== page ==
Los Angeles The cost of covering the crisis in the Persian Gulf will jump from about $500,000 to $1 million a week starting today for NBC News.
But, if war breaks out Jan. 15, all the money that's being spent by NBC and the other television news operations is not NTC necessarily going to make for more immediate and on-the-spot coverage in American living rooms.
That was the message yesterday during a press conference here with Michael Gartner, president of NBC News. Gartner challenged recent predictions and a growing popular perception that the networks -- in part because of new satellite technology -- were poised to cover this war with an unprecedented immediacy.
"Covering this war will be very difficult," Gartner said. "In fact, it may be the most difficult war ever to cover."
Gartner said the main reason for the difficulty was four levels of strict control and censorship already in place in Baghdad, Kuwait, Saudi Arabia and Washington, the places he termed the "four fronts" of news coverage of the crisis.
The Pentagon, for example, has already told the networks that it will not allow graphic pictures of wounded or dead American soldiers to be shown on television. Gartner called the ruling "totally unreasonable."
"You can't hide the horror of war," Gartner said. "War is not like prime-time TV. We have a responsibility to show the horror."
It is likely, Gartner said, that the network cameras will not get near enough to the front lines to capture such images, if the restrictions already in place in the Gulf are not eased. "Will we have [any] live pictures? I just don't know," he said.
Gartner said that if war starts in the Gulf, Americans will not be satisfied with the kind of limited coverage that government restrictions dictated during military actions in Panama and Grenada.
"If Americans aren't told what's going on," he said, "they'll get p----- off. They want to know."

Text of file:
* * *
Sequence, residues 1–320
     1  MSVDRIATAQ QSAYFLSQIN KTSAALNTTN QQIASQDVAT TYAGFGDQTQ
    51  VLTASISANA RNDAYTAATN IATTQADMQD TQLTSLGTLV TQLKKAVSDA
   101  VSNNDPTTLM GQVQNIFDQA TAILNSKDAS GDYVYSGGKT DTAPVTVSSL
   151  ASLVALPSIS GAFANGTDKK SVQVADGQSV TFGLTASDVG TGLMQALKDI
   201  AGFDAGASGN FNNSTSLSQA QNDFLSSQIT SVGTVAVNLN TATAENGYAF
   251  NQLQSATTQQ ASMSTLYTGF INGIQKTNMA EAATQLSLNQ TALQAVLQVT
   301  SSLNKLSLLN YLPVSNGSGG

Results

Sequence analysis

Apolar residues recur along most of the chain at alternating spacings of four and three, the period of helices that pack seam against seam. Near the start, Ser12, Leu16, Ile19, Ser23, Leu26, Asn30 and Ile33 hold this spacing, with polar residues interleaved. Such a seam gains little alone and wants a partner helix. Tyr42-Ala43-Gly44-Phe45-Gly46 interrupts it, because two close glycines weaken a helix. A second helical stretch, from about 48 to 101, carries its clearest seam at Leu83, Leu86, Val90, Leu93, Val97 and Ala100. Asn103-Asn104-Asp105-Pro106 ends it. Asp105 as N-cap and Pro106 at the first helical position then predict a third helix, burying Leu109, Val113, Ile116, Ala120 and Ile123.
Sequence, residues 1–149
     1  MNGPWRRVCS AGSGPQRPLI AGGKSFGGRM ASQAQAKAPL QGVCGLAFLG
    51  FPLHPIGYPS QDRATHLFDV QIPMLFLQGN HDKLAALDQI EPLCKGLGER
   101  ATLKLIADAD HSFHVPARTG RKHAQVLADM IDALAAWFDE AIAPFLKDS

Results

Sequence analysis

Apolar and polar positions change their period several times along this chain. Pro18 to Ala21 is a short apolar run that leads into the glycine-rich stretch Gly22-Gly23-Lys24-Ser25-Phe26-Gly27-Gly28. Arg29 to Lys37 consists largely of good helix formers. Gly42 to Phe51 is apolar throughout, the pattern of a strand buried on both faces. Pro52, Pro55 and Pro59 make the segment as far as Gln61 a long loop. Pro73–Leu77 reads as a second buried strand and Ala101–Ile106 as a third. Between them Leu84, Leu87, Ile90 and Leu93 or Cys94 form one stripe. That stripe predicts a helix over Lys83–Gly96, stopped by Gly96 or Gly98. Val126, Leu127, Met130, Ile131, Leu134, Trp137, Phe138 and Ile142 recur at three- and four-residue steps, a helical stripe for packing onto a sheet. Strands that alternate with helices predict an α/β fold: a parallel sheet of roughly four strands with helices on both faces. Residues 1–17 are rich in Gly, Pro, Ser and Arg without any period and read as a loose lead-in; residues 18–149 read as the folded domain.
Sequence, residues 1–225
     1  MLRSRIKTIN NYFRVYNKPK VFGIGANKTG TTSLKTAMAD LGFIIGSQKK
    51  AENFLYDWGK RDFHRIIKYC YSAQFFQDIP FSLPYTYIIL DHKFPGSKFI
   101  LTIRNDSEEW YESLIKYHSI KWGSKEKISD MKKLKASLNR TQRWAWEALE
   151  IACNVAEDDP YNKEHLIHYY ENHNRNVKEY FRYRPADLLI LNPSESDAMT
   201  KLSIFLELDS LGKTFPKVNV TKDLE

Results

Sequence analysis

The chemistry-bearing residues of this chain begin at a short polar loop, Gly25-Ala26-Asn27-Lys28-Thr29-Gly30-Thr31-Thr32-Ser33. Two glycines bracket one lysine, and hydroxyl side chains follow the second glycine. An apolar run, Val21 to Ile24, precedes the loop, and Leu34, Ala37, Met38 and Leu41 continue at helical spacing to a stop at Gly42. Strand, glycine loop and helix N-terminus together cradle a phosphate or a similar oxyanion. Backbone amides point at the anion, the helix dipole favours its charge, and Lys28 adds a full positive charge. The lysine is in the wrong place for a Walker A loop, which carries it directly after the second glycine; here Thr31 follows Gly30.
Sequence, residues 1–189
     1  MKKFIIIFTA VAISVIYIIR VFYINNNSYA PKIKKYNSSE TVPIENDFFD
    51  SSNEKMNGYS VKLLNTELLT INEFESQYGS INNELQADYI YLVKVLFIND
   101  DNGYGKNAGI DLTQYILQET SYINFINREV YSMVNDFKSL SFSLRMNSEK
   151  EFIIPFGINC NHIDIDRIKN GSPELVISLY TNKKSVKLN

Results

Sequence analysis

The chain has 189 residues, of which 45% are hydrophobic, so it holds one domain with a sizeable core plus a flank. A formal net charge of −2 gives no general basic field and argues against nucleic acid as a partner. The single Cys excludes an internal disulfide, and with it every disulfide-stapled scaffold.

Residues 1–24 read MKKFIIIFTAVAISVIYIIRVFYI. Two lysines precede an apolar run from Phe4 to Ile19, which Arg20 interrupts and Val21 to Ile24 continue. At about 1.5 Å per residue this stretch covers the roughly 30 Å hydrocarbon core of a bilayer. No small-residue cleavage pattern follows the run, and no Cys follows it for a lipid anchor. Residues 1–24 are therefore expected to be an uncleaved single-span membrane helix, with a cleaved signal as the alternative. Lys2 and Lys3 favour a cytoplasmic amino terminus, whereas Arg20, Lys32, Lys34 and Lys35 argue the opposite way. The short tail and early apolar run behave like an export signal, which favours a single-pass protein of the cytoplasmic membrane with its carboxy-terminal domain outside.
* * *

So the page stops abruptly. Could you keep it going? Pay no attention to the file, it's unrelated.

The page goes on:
Because of the interest in news coverage of the Gulf, Gartner did not have to respond to many questions about major problems at NBC News, such as the inability of "NBC Nightly News With Tom Brokaw" to get out of last place in the ratings or the continued ratings woes at "Today" since the departure of Jane Pauley.
Gartner reiterated his confidence in NBC News' decision last year to no longer offer a nightly newscast of record or be the first teller of the news, but instead be a news operation that offers analysis, context, investigations and goes after the "big story."
In light of that, he introduced stars and producers of two new NBC shows, "Expose," the investigative reporting show that debuted last night, and "A Closer Look," the noontime show starring Faith Daniels, which is set to debut Jan. 28.
Daniels said that her new duties on the daily mid-day show
would result in her leaving "Sunrise," her early morning newscast, in the near future. She said she hopes to stay on at "Today," but added that her new position is a "full-time job" in itself. She may, therefore, also leave "Today" at some point.
It was also announced that Katie Couric would take over anchor duties at "Today" while Deborah Norville was on maternity leave in March and April. "Deborah is expected back for May sweeps," Gartner said.